I recently purchased a corn sheller supposedly dating to the 1870s. The sheller was patented by Ebenezer Morrison, Franklin, New Hampshire, in 1856 (patent no. 15,105 granted June 10, 1856). Does anyone have any information on the manufacturer or what the color scheme or graphics should be? I would like to restore this to like-new condition and am interested to learn of any markings that would have been on this sheller.
Walter Piontkowski, 10191 Alpine Rd., Goodells, MI 48027; email@example.com
These photos show a cultivator I bought at a yard sale in Yreka, California. I do not know the make and model number of it. I would like to replace the two outer tines as they are worn down but so far I have not found any replacements.
The tangs are thin and are held down by a single bar making adjusting a bit difficult. I remember using a larger five-tine version with thumb-screws holding down the individual tines, so that when you needed only one of them to get between narrowly spaced plants, you could do so. The tangs were also larger. I would like to buy that one with some spare tines. I would appreciate any help.
I live on a very old cattle farm dating to the mid-1800s. I pulled this milking stool out of the barn a few days ago and I want to restore it. I am curious as to whether any Farm Collector readers might know the original manufacturer. I see traces of paint, which makes it appear to have originally had a red seat and gray legs. Thanks for your help!
Clint Lowe, 6154 Smithwood Road, Liberty, NC 27298; phone, 336-233-7894; email: firstname.lastname@example.org.
This Emerson-Brantingham 1-row cultivator is marked “C-1515 - C1258.” I know Emerson-Brantingham was bought by J.I. Case in 1928. Can anyone tell me what years this cultivator was in production?
Carol Baker, email: email@example.com
I would like to get some input on this sawmill. It is now in pieces, but other than the wood and rails that it used to run on, it is pretty much complete. With some research we have found out that it was moved from Waynesville, North Carolina, to Arkansas at the turn of the last century. Just found out this week that my great-great-grandfather operated this mill in Amity, Arkansas, and had a contract to provide milled wood to F.T. Smith Rim & Bow Co., Ft. Smith, Arkansas.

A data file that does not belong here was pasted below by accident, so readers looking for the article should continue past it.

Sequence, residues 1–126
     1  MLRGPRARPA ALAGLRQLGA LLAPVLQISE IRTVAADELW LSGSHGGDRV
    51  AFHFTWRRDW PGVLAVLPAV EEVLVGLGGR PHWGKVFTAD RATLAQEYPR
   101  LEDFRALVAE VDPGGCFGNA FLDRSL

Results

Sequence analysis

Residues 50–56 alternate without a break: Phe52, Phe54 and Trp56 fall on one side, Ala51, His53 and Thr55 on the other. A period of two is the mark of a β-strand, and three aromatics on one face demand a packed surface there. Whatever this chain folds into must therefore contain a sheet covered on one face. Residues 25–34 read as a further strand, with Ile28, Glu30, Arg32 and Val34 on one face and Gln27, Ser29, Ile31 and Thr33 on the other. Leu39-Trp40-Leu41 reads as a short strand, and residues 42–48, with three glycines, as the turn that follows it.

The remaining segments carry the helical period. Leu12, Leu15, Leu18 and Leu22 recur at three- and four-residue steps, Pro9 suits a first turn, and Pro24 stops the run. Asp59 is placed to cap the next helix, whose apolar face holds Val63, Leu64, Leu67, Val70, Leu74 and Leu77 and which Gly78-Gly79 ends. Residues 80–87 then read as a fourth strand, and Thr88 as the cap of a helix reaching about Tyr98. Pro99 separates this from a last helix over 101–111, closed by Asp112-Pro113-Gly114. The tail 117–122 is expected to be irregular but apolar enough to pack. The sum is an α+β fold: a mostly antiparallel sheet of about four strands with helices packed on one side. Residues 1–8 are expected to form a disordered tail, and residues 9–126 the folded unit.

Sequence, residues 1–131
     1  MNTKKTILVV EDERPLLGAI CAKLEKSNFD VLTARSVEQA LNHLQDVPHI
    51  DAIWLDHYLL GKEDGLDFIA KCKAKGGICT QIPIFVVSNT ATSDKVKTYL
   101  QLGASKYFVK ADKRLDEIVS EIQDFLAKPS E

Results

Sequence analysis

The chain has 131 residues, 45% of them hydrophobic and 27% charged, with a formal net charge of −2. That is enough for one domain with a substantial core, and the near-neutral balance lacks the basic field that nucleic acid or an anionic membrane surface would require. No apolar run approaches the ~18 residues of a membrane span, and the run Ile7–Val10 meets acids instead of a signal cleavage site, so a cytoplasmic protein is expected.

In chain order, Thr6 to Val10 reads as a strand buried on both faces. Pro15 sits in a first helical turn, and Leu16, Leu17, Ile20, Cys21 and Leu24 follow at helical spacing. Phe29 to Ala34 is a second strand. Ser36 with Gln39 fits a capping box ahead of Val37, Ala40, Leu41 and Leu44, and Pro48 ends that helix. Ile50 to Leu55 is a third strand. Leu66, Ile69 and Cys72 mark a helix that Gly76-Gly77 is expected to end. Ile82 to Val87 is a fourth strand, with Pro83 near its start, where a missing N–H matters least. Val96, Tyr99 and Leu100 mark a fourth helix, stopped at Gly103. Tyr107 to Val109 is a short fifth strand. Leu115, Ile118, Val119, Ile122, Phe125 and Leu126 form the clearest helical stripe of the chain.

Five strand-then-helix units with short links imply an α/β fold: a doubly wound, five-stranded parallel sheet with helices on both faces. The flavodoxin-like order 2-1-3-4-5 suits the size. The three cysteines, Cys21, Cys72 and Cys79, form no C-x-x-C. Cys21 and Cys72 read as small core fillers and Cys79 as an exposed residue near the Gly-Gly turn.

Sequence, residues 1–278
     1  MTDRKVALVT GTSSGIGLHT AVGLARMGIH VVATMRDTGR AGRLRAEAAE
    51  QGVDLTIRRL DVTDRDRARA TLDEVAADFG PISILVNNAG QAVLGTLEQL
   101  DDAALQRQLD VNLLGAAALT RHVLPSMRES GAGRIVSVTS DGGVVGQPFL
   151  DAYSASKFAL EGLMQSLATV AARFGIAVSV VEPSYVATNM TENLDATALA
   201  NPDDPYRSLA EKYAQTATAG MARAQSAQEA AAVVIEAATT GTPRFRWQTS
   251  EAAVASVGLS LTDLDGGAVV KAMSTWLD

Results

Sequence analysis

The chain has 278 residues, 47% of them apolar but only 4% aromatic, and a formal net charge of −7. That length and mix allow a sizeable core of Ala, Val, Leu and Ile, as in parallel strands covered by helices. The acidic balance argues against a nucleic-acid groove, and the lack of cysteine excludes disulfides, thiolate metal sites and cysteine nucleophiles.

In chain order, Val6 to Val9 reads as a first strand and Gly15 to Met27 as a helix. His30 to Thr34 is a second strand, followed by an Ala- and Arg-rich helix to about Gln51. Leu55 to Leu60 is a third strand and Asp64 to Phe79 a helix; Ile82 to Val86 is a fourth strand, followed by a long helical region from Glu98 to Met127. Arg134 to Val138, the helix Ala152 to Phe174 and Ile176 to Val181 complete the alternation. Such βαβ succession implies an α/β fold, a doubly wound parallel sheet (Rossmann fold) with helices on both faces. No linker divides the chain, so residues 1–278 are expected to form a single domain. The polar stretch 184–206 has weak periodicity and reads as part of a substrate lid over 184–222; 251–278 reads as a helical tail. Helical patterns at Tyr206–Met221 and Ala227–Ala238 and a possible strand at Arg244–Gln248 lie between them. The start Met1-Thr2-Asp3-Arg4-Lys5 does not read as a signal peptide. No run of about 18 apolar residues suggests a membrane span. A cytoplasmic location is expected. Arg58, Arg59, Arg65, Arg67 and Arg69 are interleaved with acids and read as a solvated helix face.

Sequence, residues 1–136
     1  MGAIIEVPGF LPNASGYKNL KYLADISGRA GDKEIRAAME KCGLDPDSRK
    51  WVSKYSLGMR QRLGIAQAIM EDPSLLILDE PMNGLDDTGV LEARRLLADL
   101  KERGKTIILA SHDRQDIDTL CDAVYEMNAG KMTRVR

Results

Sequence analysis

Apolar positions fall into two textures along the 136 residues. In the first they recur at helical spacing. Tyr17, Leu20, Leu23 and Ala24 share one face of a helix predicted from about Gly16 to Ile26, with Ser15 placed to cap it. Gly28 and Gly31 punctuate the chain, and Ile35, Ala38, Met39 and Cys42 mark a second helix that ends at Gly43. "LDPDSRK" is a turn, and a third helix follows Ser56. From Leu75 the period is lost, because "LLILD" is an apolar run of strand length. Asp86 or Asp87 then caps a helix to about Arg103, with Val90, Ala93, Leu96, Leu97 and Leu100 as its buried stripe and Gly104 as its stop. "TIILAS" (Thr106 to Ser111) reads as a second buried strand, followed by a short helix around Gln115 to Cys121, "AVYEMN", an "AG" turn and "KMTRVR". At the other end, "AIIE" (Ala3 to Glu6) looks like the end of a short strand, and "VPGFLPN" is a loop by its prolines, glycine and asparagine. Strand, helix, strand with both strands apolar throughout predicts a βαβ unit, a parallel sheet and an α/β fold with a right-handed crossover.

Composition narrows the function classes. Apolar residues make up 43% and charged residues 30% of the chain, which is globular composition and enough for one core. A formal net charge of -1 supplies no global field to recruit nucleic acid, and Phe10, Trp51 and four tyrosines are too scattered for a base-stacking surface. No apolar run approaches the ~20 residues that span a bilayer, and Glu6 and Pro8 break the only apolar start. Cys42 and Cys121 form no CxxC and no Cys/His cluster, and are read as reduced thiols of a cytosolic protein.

From the research I have done in the last few days, it looks to be a Frick or American, but I have not had a chance to look for manufacturing marks on the main unit. There is a manufacturer’s name on the saw that cuts the timber into widths, but I cannot make it out.
Ken Peacock, Springdale, Arkansas; (479) 841-1526
I am trying to find the owner of this NH SP166 pictured in the December/January 1985 issue of Gas Engine Magazine. My friend Robert Bowersmith and I have a similar baler. We are building a list of current owners of these balers. We would appreciate any information on the owner of this one.
James B. Cassel, Radcliff, Ky.;
(270) 351-5258; email: firstname.lastname@example.org
I recently purchased a model of a McCormick-Deering thresher at an estate auction. The original Arcade Co. toys were made of cast iron. The model I purchased is made of galvanized steel. It has many red plastic pulleys and knobs mounted to the exterior. At the discharge end, there is a chaining I-link conveyor with wooden treads.
I believe this might be a salesman’s sample, as a cast iron model would be extremely heavy. The galvanized metal makes it easy to carry. Also, the detail in the pulley system is extensive. Does anyone have any information on this piece or recognize it?
Michael P. Pappas via email: email@example.com